Wednesday, April 7, 2010


Patients’ relatives—a kaleidoscope of emotions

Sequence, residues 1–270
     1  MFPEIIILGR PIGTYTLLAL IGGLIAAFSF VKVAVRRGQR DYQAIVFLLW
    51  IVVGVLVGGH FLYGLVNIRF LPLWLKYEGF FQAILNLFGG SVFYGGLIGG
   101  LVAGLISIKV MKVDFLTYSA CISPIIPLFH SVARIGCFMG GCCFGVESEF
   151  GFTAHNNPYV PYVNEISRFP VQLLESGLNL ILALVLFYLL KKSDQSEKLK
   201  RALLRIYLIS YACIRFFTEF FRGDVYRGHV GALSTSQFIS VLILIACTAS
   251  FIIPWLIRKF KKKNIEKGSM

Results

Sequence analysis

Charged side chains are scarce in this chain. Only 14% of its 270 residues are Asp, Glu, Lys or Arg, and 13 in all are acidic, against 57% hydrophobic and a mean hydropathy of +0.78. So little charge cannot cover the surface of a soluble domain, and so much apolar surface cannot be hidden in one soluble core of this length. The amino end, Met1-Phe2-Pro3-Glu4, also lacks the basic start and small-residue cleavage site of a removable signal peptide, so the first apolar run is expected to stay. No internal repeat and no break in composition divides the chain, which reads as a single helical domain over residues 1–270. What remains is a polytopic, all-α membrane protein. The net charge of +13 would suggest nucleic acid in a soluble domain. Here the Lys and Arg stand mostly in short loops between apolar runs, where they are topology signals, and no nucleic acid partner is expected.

As an intern posted in CCW where critical patients r kept, I got an opportunity to witness the variety of emotions expressed by the relatives of these critical patients. Different personalities have different ways of handling tension ,grief or unexpected happenings in their own lives& in lives of their loved ones. I began to respect ordinary people who stayed calm(illiterate,rural background,very poor) more than people hailing from well to do families who just throw their weight about. These poor villagers though unable to afford expensive medicines are very compliant with the doctors instructions. They don't hover upon doctors asking unnecessary questions,they just sit calmly& pray for the patient.They infuse a warmth in their patient with constant care&  unfailing devotion.{unless the village headman doesn’t turn up with his goons to beat the hell out of the intern on duty}patients of such compliant, calm relatives may die for want of blood or some expensive drug or some incurable factor but wont die for lack of care by relatives & their hopelessness.On the other hand when a VIP patient enters the ward it marks the inception of a nightmarish experience for doctors,staff,other patients admitted in tht ward& the VIP patient himself. The relatives of such patients will call all sorts of VIP doctors, police connections, ministers-who wil hover upon the doctors asking meaningless questions& blame the residents, nurses,interns etc for everything under the sun—just ask the relative to feed the patient properly---he ll make a face….ask them to donate blood—they ll ask how much does a bottle of blood cost? will it save him100% ? —I asked him—how much does your fathers life cost?is not it worth trying to save even if chances are bleak?.......none of them will sit near the patient,hold her /his hand calmly& pray for his wellbeing…they just wanna show-off how powerful they are…